When one or more of the containers 262 are depleted (or prior to that time), they can be refilled by simply connecting the quick-release coupler 112 to its mating quick-release coupler 276 so as to facilitate the flow of liquid to the system 200. For instance, where the filling scheme is arranged as indicated in FIG. 1, liquid from one or more of the containers 100 can be provided through the supply lines 104, through the filling lines 110, and to the beverage dispensing system 200. As described above, such filling is also facilitated by the valve 256 that is automatically actuated when an external coupler is connected to the coupler 276. Specifically, when an external coupler is connected to the coupler 276, the lever 258 is depressed, thereby shutting the flow of gas to the containers 262 off and venting the gas contained within the containers to the atmosphere.
Often, the containers 262 will contain liquids that are to be used in carbonated drinks, such as soft drink syrups. Optionally, however, other liquids can be provided. For instance, hot liquids such as coffee, tea, or hot chocolate can be stored in the containers 262. In such a situation, the liquid can be simply poured into the container 262 via the appropriate liquid filling line 280 under the force of gravity as opposed to being pumped through the line.
As identified above, when the containers 262 are arranged in a self-contained, removable container unit 264, the unit can be removed from the beverage dispensing system 200, and the delivery vehicle where applicable, for servicing and/or replacement of the containers 262 or various components thereof. For example, it may be necessary to periodically replace the pliable bags 602.
FIG. 9 is a schematic view of a second embodiment of a portable beverage dispensing system 900. The system 900 is similar in several respects to the system 200 shown in FIG. 2. Accordingly, the system 900 comprises a source 202 of driving gas, a source 204 of water, a carbonator tank 206, and a beverage dispensing valve 210. In addition, the system 900 comprises other like-numbered components that are the same as or similar to those described above in relation to FIG. 2. However, the beverage dispensing system 900 comprises an alternative source 902 of liquids that includes one or more alternative liquid containers 904, which are described in greater detail below in relation to FIG. 10. As indicated in FIG. 9, these containers 904 can be, as in the system 200, provided in a removable container unit 906, which facilitates removal of the containers as a cell. For reasons explained below, the system 900 further includes an air pump system 908 that provides air to the containers 904 to act as the driving mechanism.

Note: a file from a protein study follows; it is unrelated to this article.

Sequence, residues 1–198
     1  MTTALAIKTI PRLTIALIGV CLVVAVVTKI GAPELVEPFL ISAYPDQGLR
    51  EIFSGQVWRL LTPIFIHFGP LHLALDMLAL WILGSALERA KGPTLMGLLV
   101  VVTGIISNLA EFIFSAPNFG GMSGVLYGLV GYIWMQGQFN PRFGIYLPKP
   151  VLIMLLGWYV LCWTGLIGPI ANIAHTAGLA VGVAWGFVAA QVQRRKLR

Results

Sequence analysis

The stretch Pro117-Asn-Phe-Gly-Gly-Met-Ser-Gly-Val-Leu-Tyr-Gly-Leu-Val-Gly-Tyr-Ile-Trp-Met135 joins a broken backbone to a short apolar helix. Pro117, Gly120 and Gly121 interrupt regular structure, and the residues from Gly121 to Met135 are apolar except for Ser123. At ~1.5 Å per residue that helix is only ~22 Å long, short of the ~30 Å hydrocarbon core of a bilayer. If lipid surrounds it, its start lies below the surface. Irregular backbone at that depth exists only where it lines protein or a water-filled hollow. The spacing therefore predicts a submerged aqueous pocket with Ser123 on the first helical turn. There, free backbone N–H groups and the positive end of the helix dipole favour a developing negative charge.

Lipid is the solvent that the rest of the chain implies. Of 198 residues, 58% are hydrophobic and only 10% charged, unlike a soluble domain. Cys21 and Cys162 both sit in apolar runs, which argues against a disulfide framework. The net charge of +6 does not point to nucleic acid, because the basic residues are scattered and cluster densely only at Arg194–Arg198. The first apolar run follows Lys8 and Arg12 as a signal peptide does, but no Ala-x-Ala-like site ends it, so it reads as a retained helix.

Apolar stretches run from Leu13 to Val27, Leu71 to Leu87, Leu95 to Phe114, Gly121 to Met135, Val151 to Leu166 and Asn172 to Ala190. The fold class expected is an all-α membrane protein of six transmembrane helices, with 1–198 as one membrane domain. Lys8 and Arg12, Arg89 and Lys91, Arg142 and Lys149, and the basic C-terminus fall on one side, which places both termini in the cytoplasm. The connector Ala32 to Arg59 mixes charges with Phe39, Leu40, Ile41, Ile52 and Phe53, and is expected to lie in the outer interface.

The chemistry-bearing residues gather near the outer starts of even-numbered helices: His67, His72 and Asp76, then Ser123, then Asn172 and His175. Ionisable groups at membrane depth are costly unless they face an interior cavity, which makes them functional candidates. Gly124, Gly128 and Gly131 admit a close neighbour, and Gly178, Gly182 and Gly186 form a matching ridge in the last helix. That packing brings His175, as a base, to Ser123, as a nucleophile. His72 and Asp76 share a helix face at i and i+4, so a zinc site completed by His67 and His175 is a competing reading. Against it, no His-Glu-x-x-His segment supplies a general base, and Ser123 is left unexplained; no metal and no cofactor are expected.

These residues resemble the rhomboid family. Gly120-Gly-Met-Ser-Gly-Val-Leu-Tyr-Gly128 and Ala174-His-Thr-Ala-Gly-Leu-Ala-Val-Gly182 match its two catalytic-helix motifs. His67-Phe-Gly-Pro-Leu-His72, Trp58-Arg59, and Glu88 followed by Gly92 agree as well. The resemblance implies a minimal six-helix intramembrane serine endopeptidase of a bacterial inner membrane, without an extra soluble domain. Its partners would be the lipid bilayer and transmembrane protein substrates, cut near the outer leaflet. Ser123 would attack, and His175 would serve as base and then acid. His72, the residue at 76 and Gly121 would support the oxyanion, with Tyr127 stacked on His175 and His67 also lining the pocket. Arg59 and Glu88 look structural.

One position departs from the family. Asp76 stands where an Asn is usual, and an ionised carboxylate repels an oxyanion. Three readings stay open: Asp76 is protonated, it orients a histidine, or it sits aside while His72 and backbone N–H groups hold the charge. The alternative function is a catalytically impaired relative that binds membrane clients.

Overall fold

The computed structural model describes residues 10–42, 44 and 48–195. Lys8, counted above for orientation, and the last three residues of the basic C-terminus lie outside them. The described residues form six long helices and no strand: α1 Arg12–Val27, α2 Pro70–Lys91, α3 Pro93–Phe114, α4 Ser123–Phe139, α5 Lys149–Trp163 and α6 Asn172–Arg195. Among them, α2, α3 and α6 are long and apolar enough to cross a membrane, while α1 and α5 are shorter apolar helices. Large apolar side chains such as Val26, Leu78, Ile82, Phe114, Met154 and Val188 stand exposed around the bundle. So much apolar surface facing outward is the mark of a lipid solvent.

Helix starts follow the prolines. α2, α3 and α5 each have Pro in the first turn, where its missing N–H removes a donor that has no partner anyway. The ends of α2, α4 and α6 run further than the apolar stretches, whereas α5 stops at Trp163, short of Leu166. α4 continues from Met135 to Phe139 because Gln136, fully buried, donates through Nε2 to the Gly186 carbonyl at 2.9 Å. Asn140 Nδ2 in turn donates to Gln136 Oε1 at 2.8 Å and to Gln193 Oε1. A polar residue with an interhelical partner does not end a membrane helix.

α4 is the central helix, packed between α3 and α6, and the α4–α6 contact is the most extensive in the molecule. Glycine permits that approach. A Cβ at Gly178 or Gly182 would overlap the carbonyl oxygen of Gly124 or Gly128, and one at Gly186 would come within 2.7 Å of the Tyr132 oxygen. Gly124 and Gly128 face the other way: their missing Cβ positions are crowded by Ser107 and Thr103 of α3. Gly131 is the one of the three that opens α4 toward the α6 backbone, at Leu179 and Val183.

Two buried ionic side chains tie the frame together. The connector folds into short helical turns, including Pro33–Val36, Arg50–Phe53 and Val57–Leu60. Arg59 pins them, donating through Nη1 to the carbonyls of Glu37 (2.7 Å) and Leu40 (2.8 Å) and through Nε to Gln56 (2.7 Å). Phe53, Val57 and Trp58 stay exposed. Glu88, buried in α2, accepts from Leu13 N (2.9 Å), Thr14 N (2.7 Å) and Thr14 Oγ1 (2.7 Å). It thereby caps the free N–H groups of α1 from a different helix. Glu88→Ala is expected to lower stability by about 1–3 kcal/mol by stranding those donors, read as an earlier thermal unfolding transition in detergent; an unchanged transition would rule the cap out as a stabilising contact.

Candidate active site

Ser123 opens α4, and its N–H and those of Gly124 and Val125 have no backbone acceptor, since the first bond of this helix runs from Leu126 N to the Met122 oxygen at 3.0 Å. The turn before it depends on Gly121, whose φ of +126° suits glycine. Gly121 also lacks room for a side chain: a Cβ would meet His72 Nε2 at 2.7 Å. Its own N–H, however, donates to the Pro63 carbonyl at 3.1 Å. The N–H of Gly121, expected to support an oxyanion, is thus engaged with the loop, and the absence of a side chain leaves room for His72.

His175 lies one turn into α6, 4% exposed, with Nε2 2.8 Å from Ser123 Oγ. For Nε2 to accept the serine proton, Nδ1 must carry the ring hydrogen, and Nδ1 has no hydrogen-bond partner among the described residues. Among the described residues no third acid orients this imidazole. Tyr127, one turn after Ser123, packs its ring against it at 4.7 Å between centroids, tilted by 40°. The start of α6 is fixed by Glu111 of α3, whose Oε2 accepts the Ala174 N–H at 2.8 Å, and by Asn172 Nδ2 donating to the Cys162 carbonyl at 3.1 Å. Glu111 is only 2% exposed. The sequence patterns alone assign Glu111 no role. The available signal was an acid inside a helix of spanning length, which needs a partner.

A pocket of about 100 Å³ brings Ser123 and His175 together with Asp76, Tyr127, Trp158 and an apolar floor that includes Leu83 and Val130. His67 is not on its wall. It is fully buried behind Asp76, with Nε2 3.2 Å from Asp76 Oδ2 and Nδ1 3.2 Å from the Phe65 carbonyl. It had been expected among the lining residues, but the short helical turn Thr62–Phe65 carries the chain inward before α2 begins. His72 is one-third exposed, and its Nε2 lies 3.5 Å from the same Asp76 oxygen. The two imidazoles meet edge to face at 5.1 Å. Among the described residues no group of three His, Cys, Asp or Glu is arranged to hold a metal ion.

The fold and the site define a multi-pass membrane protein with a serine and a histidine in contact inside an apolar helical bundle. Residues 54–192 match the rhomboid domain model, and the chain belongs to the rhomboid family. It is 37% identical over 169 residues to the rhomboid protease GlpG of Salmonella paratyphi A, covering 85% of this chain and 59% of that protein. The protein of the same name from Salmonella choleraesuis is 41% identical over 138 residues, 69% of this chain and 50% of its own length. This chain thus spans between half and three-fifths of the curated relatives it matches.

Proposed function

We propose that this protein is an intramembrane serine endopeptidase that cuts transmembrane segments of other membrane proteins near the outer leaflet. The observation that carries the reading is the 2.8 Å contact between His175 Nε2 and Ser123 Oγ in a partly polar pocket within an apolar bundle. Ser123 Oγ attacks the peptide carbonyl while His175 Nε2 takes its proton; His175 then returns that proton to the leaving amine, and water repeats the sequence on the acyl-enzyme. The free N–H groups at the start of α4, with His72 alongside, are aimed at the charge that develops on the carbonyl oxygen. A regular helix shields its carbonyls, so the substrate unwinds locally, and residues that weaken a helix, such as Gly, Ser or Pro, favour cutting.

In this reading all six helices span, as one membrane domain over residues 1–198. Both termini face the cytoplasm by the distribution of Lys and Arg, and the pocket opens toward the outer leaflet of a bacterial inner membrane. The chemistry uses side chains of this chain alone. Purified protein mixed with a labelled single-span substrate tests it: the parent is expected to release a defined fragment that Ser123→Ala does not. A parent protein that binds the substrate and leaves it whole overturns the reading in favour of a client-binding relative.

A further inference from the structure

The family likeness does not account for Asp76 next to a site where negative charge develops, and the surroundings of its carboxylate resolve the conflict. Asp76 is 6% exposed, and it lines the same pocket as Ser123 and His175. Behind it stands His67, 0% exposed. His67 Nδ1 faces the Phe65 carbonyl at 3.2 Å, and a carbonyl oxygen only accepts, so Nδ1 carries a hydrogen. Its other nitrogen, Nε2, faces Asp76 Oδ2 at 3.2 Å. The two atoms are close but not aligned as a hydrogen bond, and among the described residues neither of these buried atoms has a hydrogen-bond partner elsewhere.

FIG. 10 illustrates an example configuration for the liquid containers 904. As indicated in this figure, each liquid container 904 can comprise a bottle 1000 and a bottle coupler 1002. By way of example, the bottle 1000 can comprise a standard polymeric bottle having a body 1004 and a threaded neck 1006 that forms an opening 1008. The bottle coupler 1002 generally comprises an exterior portion 1010 and an interior portion 1012 that is disposed within an internal passageway 1014 of the exterior portion. A portion of the internal passageway 1014 is threaded such that the exterior portion 1010 can be threadingly engaged with the threaded neck 1006 of the bottle 1000. Placed between the interior portion 1012 and the exterior portion 1010 is a sealing member 1016 (e.g., o-ring) that forms an air-tight seal between the bottle 1000 and the coupler 1002.
The interior portion 1012 of the coupler 1002 includes a liquid passage 1018 and a gas passage 1020, which are adapted to direct liquid out of the bottle and gas (typically air) into the bottle, respectively. Extending down into the bottle 1002 is a supply/pick-up tube 1022 which extends the liquid passage 1018 such that liquid is only supplied to or drawn from the bottom of the bottle. Positioned in the gas passageway 1020 is a gas passage closure member 1024. As indicated in the figure, the closure member 1024 can generally comprise a body portion 1026, a neck portion 1028, and a head portion 1030. Placed at the head portion 1030 is a further sealing member 1032 (e.g., o-ring) that permits the member 1024 to form an air-tight seal with the interior of the gas passage 1012 when the member is in the closed position (as in FIG. 10).
In operation, liquid is first provided to the interior of the bottle 1000 through the liquid passage 1018 during the filling operation described above in relation to the embodiment shown in FIG. 2. During this filling, the bottle is vented to the atmosphere and no gas flows into the bottle 1000 due to the valve 256. Accordingly, the closure member 1024 drops down under the force of gravity such that the gas passage 1012 is open. The member 1024 is, however, retained within the passage 1012 due to the provision of a detent 1034 that is provided within the passage. As the level of the liquid within the bottle 1000 rises, it eventually reaches the closure member 1024 and, due to the bouyancy of the member, causes the member to rise until ultimately seating within the gas passage 1012 so as to close it. With the gas passage 1012 closed, the liquid will not be able to escape the bottle 1000 and the bottle will ultimately be filled to the point where no more liquid can be placed inside it.